• Discuss nursing interventions and the goals of patient care

Level: Basic

Nursing, Quality Improvement
149 Standards of Care: What’s Next for Mental Health in Corrections*

Jails and prisons are the largest mental health facilities in the nation. No matter how hard we try to defer entry, those with mental illness find their way through our doors. Implementing mental health service standards in correctional facilities can remove barriers to assisting individuals with mental illness, while also helping achieve peak organizational performance. 


Educational objectives
• Discuss challenges to providing mental health care in a correctional environment
• Review standards of care that addresses mental health care in correctional facilities
• Identify resources for assistance

Level: Basic

Administration, Mental Health
150 Consent Laws That Impact Health Care Services for Justice-Involved Youth*

Several state and federal consent laws impact the provision of health care to youth confined in secure facilities. Consent for treatment, from the administration of vaccines to sexually transmitted disease treatment, is complicated by legal requirements. Parental involvement for treatment consent can also create a challenge for providing health services. This workshop will identify areas of consent laws that impact the provision of health care to youth in secure settings.

Educational Objectives

  • Define consent laws by minors' status and types of health services
  • Recognize legal challenges and limitations to obtaining consent for health services in juvenile justice settings
  • Discuss parental and court involvement in the consent process for justice-involved youth

Level: Advanced

Juvenile, Legal
151 Overdoses of Formulary-Approved Medications: Implications for Policy and Practice*

Medication overdoses are common occurrences in correctional settings. This presentation will review data on formulary-approved medication overdoses from North Carolina prisons over a six-month period. There were 46 overdoses requiring an emergency room visit; 17 of these required inpatient hospitalization. Acetaminophen was by far the most common substance ingested that led to an emergency room visit. We will discuss policies and procedures that may mitigate the risk of serious overdose.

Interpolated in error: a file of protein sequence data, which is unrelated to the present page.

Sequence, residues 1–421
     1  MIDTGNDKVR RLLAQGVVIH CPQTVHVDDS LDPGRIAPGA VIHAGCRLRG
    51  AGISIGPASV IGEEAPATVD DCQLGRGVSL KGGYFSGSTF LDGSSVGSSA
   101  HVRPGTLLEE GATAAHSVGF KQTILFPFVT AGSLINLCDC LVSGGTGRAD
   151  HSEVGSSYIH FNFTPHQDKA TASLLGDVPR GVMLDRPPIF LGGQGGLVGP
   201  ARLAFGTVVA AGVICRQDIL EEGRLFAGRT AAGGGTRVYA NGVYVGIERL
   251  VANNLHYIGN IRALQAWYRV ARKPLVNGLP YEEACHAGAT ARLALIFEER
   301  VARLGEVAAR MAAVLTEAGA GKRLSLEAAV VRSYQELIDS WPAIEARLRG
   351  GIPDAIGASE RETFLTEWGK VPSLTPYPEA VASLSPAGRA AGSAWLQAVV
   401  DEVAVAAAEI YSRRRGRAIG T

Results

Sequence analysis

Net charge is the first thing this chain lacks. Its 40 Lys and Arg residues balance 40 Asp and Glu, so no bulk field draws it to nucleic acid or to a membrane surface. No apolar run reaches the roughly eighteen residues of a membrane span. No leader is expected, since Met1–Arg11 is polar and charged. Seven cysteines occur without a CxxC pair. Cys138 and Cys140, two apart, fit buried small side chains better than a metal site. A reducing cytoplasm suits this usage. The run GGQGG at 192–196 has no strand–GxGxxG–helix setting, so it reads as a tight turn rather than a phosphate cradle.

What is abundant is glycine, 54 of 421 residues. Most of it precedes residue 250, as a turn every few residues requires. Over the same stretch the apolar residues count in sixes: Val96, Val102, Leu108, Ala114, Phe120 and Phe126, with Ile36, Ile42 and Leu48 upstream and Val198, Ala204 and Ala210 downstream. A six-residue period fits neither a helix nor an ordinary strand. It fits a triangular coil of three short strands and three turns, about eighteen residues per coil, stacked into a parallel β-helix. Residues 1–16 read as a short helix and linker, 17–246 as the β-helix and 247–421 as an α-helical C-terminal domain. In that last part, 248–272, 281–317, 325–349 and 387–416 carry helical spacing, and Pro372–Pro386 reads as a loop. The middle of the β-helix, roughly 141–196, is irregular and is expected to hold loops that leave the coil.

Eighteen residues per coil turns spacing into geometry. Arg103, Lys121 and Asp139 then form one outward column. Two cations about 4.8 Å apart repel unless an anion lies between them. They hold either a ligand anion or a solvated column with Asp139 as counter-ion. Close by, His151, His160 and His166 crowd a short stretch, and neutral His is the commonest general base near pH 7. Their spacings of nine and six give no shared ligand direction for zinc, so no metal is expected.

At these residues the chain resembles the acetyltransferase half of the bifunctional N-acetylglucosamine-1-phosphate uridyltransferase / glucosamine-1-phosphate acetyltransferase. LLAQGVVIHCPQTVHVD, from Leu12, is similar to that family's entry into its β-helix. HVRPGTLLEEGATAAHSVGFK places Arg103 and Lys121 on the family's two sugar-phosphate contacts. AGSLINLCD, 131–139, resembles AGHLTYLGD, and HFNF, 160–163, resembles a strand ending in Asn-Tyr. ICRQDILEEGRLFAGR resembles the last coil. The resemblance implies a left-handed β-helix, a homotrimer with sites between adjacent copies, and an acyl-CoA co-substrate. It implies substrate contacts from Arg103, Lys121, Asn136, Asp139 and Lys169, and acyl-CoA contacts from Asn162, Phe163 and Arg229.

Educational Objectives

Review the literature on suicide and medication overdoses in community and prison settings

List medications that have high overdose potential

Discuss prison policies and procedures that may mitigate the risk of medication overdose

Level: Intermediate

Mental Health, Suicide Prevention
152 Discharge Planning: A Win for the Community and the Jail*

Discharge planning is a convenient way to get three wins: help a jail's residents, help the community, and generate savings in one low- or no-budget program. This workshop will discuss "Familiar Faces Action & Community Transition," a successful, evidence-based program that has been replicated by several jurisdictions. Topics include how to build a program at low cost, get stakeholder buy-in, evaluate the program, and use the results to make your community love your jail.

Educational Objectives

  • Describe the benefits of a discharge planning program
  • Examine the ins and outs of developing a discharge planning program
  • Identify ways to get the stakeholders involved and on board

Level: Basic

Reentry, Substance Use
Tuesday, April 12, 2022, 4:00 PM - 5:00 PM
153 Reduce Recidivism With an Occupational Medicine Approach*

In correctional medicine our role is not merely to diagnose and treat patients, but also to educate them about their chronic conditions. This discussion will focus on common occupational medicine topics including orthopedic, dermatologic, and pulmonary complaints that are likely to arise among incarcerated patients as a result of their jobs before and during incarceration. Techniques to keep patients working and enjoying their work will be emphasized.

Educational Objectives

  • Review common orthopedic complaints in workers' compensation cases
  • Discuss common dermatologic and pulmonary complaints in workers' compensation cases
  • Examine documentation techniques that can benefit the patient and the employer

Level: Advanced

Medical, Reentry
154 Benefits of an RN Foot and Nail Clinic